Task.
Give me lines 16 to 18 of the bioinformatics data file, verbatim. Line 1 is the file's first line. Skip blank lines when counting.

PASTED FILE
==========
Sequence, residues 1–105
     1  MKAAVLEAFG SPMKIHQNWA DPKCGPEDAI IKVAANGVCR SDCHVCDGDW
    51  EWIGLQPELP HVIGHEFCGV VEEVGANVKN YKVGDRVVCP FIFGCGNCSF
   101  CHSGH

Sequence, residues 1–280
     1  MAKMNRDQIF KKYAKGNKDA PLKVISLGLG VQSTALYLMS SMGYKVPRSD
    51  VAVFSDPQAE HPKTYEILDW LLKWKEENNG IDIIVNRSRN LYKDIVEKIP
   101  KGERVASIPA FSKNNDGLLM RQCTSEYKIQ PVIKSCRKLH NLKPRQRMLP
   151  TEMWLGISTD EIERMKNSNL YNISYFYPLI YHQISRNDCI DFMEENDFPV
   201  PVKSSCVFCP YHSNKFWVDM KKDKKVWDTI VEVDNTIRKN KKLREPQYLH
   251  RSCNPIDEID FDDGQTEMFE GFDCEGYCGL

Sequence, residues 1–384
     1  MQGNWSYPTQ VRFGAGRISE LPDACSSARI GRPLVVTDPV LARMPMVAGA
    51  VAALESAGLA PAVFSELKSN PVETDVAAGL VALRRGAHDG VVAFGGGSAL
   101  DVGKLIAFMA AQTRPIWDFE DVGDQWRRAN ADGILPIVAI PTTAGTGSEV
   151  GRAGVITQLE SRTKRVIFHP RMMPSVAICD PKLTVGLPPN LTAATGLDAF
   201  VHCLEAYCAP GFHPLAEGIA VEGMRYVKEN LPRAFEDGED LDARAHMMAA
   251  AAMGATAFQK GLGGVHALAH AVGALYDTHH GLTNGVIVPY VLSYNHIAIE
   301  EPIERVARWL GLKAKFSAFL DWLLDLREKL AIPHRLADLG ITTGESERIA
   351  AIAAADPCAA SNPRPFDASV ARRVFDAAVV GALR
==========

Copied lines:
   151  GRAGVITQLE SRTKRVIFHP RMMPSVAICD PKLTVGLPPN LTAATGLDAF
   201  VHCLEAYCAP GFHPLAEGIA VEGMRYVKEN LPRAFEDGED LDARAHMMAA
   251  AAMGATAFQK GLGGVHALAH AVGALYDTHH GLTNGVIVPY VLSYNHIAIE